By Ronald Fraser
Robert Reich, Berkeley professor and chairman of Common Cause, explains why Americans feel politically powerless this way: Elected officials have grown less accountable and less responsive to the very citizens who voted them into office.
But Americans don’t need another academic study to know the score. When asked way back in a 2004 poll who has a great deal of influence over decisions made in Washington, 68 percent said large campaign contributors, 56 percent said lobbyists and 20 percent said the general public.
Reich points to non-competitive congressional districts and weakened labor unions to explain what is going on here. His explanation is not wrong. It is simply incomplete.
In fact, American citizens themselves are a part of the problem and largely responsible for their marginalized status in the world’s most celebrated self-rule democracy. Why have the American people, the popular sovereign of our democracy, not challenged this political takeover by the fat cats?
In high school government and civics high school classrooms across America, young citizens-to-be are indoctrinated with a version of democracy based more on historic and political myths than political reality.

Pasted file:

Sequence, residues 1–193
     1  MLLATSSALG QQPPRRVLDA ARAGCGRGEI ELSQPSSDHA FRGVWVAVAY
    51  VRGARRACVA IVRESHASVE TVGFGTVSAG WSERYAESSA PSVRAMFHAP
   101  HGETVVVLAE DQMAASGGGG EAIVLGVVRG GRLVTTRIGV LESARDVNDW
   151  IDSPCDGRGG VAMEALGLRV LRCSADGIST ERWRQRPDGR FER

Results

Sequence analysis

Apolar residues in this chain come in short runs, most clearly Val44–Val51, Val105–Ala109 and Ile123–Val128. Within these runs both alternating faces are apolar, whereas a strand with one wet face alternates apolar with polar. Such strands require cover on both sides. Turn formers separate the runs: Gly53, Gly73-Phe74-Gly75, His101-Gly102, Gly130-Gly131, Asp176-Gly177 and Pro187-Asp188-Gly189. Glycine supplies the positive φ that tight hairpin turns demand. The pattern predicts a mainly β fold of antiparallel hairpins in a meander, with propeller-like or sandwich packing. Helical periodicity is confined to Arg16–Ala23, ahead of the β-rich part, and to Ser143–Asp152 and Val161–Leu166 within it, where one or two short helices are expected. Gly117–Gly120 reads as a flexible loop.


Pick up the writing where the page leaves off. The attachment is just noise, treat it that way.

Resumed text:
Magruder’s “American Government,” a widely used textbook, is a typical example of schoolbook democracy. Here students learn the U.S. Constitution is built on a few basic principles, including popular sovereignty: “In the United States, all political power belongs to the people. The people are sovereign. Popular sovereignty means that people are the only source of governmental power. Government can govern only with the consent of the governed.”
As school kids mature into young adults and gain their own firsthand experience of the political world around them, they soon realize how ill-prepared they – the sovereign people – are to compete with wealthy election campaign donors and professional corporate lobbyists who dominate, between elections, the behind-the-scenes deal-making that determines who gets what.
In addition, studies show that once in office lawmakers give top priority to the care and feeding of their election campaign backers and corporate lobbyists, not the citizens who actually voted them into office.
Looking to the future, Reich says, “If we give up on politics, we’re done for. Powerlessness is a self-fulfilling prophesy. The only way back toward democracy and an economy that works for the majority is for most of us to get politically active once again.”
He is right. It is time Americans quit bellyaching to pollsters and get busy rebuilding a government responsive to its citizens, not to the fat cats.
Ronald Fraser, Ph.D., a Western New York writer, is the author of the new book “America, Democracy & YOU: Where Have all the Citizens Gone?”